Born: January 22, 1935 Died: August 8, 2013.
JOHNNY Hamilton, who has died aged 78, was a Hearts stalwart during their golden years from the mid-1950s to the mid-1960s.
A fast, goal-scoring winger, he had to work hard to establish himself in the Tynecastle team. Team mates such as John Cumming, Dave Mackay, Alex Young, the Conn-Bauld-Wardhaugh Terrible Trio and Gordon Smith were better players, but few gave as much in maroon as Wee Johnny.
He was a Larkhall boy, going from Larkhall Academy, via Larkhall Rangers (there just had to be a team with that name in that town), Kirkmuirhill Juveniles and Burtonshore Welfare to Lesmahagow Juniors, combining his weekend football with Monday to Friday work down the pit. His form with the 'Gow attracted the attention of Hearts and, at the start of the 1955-56 season, the 20-year-old Hamilton became a footballer, after Hearts paid £100 for his signature.
His debut came in a 4-1 league win over Airdrie at the old Broomfield, on 1 October, 1955; the first of 12 first team appearances that season, which ended with the men in maroon winning the Scottish Cup for the first time in 50 years, beating Celtic 3-1 in a classic Hampden final.
Hamilton didn't play in that game, although he had been a stand-out in the semi-final win over Raith Rovers. Competition for the two wing places in the Hearts attack was intense, with Ian Crawford displacing veteran Johnny Urquhart down the left and Hamilton and the even-younger Alex Young jousting for the number seven shirt, which Young wore at Hampden.
Hamilton's promise had been rewarded in February of 1956, when he won the first of his two Scotland Under-23 caps, forming an all-Hearts right wing with Young and scoring Scotland's goal in a 3-1 Hillsborough loss to England.
He was again chosen for the Under-23s against England the following year, at Ibrox, when Hearts provided four players, Hamilton, Mackay, Young and goal-scorer Crawford to a Scotland team which drew 1-1.
Although still not an automatic choice as Hearts won the league, scoring a record 132 goals, in the following 1957-58 season, Hamilton produced a storming game against Scotland, when Hearts provided the opposition in one of the series of World Cup warm-up games played that season. He was being spoken of as a possible for the final tournament in Sweden, but he didn't make the cut.
Indeed, he never did win a full cap, although, in October 1958 he played in the Scottish League XI, which drew 1-1 with England at Ibrox. The Herald's reporter at the game didn't rate Hamilton's performance highly, but, he was brought down for the penalty from which Sammy Baird scored the League XI's goal. Only Hamilton of that team never became a full cap.
Hearts' league win in 1958 was followed by a second in 1960, Hamilton contributing 12 goals in 27 games. With Crawford moving to West Ham, Hamilton had made the number 11 jersey his own and he added three League Cup-winner's medals to his League Championship one, in 1958-59, 1959-60 and 1962-63 as Hearts, having wrestled bragging rights in the capital from Hibs, emerged as Rangers' biggest rivals of the time.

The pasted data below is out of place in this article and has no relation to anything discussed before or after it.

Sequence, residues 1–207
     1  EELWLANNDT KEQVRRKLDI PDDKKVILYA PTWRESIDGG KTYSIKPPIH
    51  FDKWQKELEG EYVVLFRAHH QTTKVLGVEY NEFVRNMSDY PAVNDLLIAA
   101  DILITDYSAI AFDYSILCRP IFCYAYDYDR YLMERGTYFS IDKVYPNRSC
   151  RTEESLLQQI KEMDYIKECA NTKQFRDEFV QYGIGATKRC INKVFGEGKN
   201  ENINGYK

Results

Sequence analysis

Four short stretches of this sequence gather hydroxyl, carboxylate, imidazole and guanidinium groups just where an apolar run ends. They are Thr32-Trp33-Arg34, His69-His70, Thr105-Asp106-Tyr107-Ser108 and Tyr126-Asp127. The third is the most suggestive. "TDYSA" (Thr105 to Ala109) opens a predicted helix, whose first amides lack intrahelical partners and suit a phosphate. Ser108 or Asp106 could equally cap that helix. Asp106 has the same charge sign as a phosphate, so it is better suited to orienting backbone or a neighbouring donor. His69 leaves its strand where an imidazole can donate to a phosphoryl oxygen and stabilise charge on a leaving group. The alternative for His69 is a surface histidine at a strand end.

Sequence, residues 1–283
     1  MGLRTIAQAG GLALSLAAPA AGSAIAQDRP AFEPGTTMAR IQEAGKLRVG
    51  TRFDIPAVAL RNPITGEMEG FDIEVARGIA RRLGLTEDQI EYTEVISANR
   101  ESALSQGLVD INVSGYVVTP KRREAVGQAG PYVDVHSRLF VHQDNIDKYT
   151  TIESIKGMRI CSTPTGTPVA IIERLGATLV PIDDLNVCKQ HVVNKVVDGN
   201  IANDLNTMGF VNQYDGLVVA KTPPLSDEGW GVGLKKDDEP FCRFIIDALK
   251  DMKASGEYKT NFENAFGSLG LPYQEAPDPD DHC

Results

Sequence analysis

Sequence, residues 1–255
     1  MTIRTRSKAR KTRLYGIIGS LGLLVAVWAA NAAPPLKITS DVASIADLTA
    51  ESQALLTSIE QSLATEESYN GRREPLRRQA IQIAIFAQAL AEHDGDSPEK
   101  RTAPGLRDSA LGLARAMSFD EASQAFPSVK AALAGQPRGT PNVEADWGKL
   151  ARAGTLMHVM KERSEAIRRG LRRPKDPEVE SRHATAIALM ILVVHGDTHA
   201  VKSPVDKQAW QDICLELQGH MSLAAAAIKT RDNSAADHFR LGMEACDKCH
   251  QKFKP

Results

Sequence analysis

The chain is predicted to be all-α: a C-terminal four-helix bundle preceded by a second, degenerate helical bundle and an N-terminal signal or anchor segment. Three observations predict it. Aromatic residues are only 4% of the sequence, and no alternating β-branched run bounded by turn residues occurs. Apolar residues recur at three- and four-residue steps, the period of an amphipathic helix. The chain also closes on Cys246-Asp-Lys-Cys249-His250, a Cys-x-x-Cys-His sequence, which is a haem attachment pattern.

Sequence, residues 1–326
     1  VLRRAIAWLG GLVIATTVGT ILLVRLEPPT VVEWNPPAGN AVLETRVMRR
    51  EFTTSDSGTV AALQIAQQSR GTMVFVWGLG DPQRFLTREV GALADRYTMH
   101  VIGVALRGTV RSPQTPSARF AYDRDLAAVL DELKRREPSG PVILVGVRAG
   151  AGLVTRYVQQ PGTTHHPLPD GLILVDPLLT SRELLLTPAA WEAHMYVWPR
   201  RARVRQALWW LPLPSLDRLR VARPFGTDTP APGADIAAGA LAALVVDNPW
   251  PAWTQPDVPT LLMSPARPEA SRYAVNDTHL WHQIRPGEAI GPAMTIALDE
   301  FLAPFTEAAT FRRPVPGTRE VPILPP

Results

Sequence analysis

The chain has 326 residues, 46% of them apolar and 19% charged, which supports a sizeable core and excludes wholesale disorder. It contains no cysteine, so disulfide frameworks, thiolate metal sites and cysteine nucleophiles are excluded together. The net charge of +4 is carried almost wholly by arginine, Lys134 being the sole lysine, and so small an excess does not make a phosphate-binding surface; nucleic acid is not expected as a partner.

There might have been a second League Championship medal in 1965, but, Hamilton was in the Hearts side which suffered a heart-breaking 2-0 Tynecastle loss to Kilmarnock in what was effectively a title decider on April 24, 1965. Any other result that day would have given Hearts the title.
Now in his thirties, Hamilton's Hearts career was winding down. New boys were emerging, his appearances became sporadic and, after a last hurrah in a 2-0 loss to Dundee United, at Tannadice, on 8 April, 1967, after 502 games and 156 goals, Hamilton left to join Watford. He spent three years at Vicarage Road, before returning to Scottish football with Berwick Rangers. He played for them for three years, still living in Edinburgh, where he opened a successful newsagent's shop in Slateford Road, close to Tynecastle.
He spent some time back at the club as a youth coach, before leaving to concentrate on his business, but continuing to support Hearts. He was an active member of Hearts' Former Players Association, a fanatical keep-fit enthusiast at a Corstorphine gym and a keen golfer at Kingsknowe, although, his final months were hard, following a stroke.
Hamilton was a football enthusiast. Like most ex-miners who played professionally, he realised his good fortune. He was one of those terrier-like players, a wee, crabbit Scottish so-and-so who, when he wasn't winding up his opponents with his skill, was winding up the opposition fans.
He particularly loved annoying the Old Firm supporters and, given the rivalry between the clubs at the time, also the Kilmarnock fans. His goal celebrations were legendary and there could hardly be a greater contrast between the two Hearts wingers of the 1960 league-winning team; on the right, the great Gordon Smith, polished and urbane, wearing his aura of class and greatness with ease on the right and the gap-tooth, snarling aggression of Hamilton on the left.
That was on the park; off it, he was a gentleman, always ready to talk football with the customers in his shop.
Johnny Hamilton's later life was touched by tragedy. His younger son, Ross, died tragically young, while he was pre-deceased by his wife Elizabeth. He is survived by daughter Karen and elder son Gary.
We moderate all comments on HeraldScotland on either a pre-moderated or post-moderated basis. If you're a relatively new user then your comments will be reviewed before publication and if we know you well and trust you then your comments will be subject to moderation only if other users or the moderators believe you've broken the rules, which are available here.
Moderation is undertaken full-time 9am-6pm on weekdays, and on a part-time basis outwith those hours. Please be patient if your posts are not approved instantly.